China’s wealth lures nations to shun Taiwan, ignore persecutions

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The People’s Republic of China has successfully defied the international order and is relentlessly remaking it in its own mold. Nothing demonstrates that dangerous reality more vividly, or sadly, than continued global regressions in the cause of human rights and democracy.

It once was hoped that engaging China’s communist regime, and welcoming it to the family of nations, eventually would modify its domestic and international behavior and encourage compliance with international norms, such as the Universal Declaration of Human Rights.

{mosads}Instead, using the vast wealth it has accumulated, thanks to Western generosity and naivete, Beijing is replacing that noble statement of moral principles with its own operating rule: a Universal Declaration that Money Talks.


Two current events demonstrate the shameful mark the Chinese government is making on the world’s moral standards. Digging into its very deep pockets, Beijing has enticed the government of El Salvador to abandon its decades-long official relationship with Taiwan.  

The shift in diplomatic recognition to the People’s Republic is the latest in an established pattern of buying up diplomatic partners among small, poor countries in Latin America and the Pacific Islands who find it impossible to resist the allure of Beijing’s abundant cash resources — in what University of Miami political science professor June Teufel Dreyer has called China’s “anaconda strategy.” Earlier this year, Dominican Republic and Burkina Faso also succumbed to Beijing’s financial pressures and broke ties with Taiwan. (Granted, Taiwan at times participated in this bidding war, but its efforts were defensive.)

Meanwhile, in what was East Turkestan before China’s 1950 invasion but now is Xinjiang Province, Chinese officials are conducting a campaign of political and religious repression that constitutes cultural genocide at a minimum.

With over 1 million Uyghurs confined to “re-education camps” under deplorable conditions, and reports of mass disappearances, the situation may devolve into an ethnic cleansing. If China is seeking to wipe out all or much of a religious or ethnic population, it would be guilty of meeting the United Nations definition of genocide.

The brutal facts of what is happening to the Uyghurs have been exposed to the family of nations. But the nations, including Muslim governments and populations quick to protest every perceived Western slight, have chosen not to get involved for fear of damaging their economic relations with China. Instead, as Beijing commits crimes against humanity, akin in some ways to Nazi Germany’s atrocities, the world conducts business as usual with the perpetrators, just as it did in the 1930s.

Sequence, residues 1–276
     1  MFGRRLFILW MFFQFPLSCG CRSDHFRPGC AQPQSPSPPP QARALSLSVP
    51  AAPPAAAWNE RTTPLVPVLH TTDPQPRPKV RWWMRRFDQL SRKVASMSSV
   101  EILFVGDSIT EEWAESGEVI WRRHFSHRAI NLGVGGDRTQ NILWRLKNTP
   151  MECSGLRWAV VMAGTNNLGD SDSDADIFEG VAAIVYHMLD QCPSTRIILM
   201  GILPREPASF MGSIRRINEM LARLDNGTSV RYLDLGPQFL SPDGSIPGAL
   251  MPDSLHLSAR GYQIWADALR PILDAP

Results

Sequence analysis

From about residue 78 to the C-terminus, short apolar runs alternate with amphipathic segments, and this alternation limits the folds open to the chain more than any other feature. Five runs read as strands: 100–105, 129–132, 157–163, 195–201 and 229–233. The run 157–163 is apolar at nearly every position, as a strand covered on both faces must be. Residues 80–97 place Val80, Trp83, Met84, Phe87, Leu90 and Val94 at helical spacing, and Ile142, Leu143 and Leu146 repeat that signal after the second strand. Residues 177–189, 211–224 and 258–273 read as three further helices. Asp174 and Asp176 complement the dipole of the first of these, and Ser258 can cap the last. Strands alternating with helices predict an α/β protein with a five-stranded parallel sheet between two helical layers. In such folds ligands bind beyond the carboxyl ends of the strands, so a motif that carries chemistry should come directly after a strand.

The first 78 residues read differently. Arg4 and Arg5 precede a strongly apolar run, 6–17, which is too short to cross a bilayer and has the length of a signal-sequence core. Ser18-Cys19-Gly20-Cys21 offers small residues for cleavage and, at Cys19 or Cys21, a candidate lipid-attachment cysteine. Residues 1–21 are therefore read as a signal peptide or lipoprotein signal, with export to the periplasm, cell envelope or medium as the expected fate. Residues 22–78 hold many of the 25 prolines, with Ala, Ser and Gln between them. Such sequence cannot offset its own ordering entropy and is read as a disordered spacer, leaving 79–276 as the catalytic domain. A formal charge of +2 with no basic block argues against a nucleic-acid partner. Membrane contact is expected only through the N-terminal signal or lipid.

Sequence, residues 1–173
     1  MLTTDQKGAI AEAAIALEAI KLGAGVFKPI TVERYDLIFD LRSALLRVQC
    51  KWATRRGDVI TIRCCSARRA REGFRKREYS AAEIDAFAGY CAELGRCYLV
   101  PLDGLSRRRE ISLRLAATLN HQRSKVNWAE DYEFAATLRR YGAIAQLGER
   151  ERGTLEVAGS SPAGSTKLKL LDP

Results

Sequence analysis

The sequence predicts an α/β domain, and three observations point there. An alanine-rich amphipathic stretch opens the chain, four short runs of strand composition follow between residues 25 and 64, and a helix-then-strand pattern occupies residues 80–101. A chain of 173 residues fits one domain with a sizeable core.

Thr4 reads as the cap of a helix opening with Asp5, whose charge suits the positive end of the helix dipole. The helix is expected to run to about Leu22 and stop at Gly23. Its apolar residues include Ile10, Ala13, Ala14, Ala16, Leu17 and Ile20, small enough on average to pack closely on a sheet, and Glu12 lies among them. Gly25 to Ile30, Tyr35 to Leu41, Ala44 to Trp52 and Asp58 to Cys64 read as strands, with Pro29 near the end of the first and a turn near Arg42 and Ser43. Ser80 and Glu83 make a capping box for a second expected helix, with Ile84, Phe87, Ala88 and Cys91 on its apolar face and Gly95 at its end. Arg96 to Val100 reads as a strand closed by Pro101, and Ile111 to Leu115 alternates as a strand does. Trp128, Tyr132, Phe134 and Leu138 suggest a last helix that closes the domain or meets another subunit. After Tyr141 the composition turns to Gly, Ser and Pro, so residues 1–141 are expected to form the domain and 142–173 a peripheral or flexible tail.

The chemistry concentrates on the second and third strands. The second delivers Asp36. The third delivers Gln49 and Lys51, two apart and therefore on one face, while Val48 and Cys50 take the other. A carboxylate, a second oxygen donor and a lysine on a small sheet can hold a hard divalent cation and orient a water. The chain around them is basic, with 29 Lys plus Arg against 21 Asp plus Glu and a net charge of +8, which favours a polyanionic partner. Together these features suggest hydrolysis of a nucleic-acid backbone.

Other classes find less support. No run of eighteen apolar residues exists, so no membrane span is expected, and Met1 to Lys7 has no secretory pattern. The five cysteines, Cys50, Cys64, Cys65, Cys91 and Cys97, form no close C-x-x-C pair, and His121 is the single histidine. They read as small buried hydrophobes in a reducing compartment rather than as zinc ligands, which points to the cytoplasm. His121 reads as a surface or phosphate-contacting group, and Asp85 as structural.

Not even one of the world’s great moral heroes was immune to the pressures of China’s financial inducements. As he prepared to run for president of South Africa in 1993, Nelson Mandela visited Taiwan. (He had been to China the year before.) For his lifelong contributions to freedom, democracy and justice, President Lee Teng-hui awarded him Taiwan’s highest honor for a foreign national.

Mandela, in turn, expressed admiration for Taiwan’s efforts to develop a free and prosperous democracy and praised its efforts to promote human rights and social justice.

The Republic of China, under the Kuomintang government, had longstanding diplomatic relations with the deClerk government, while Beijing had supported the black liberation movement. But the ROC strongly supported Mandela’s presidential campaign as Beijing threw its lot in with a rival to Mandela’s African National Congress.

Once he was elected in 1995, Mandela vowed that South Africa, the last major country still to recognize Taiwan, would continue to do so. He prided himself on being seen as a model to the world’s underdogs and he had developed an empathy for Taiwan. For two years he resisted Chinese pressures to cut ties with Taiwan.

But the country’s economic woes, after decades of apartheid rule, simply left no viable alternative to Beijing’s largesse and Mandela had to make a moral choice in the interests of the South African people.  

In 1997, in what he described as an “agonizing” decision, he did what outsiders long had seen as inevitable and severed official relations with Taiwan, though he made the change effective a year later to allow Taiwan time to adjust — a courtesy President Jimmy Carter did not accord Taiwan in 1979.

Years later, Mandela expressed his pain at having been compelled to abandon Taiwan. After his death in 2013, Taiwan’s government mourned his loss and lauded his record as a driving force for freedom, justice, human rights and reconciliation.

Forcing one of the world’s moral icons to knuckle under for the sake of money no doubt was a signal achievement for China’s communist leaders. The Chinese people may not feel the same sense of pride.

Joseph Bosco served as China country director for the Secretary of Defense from 2005 to 2006 and as Asia-Pacific director of humanitarian assistance and disaster relief from 2009 to 2010.  He is a nonresident fellow at the Institute for Corean-American Studies and the Institute for Taiwan-American Studies, and has held nonresident appointments in the Asia-Pacific program at the Atlantic Council and the Southeast Asia program at the Center for Strategic and International Studies.

Tags Foreign relations of China Sino-Pacific relations Taiwan

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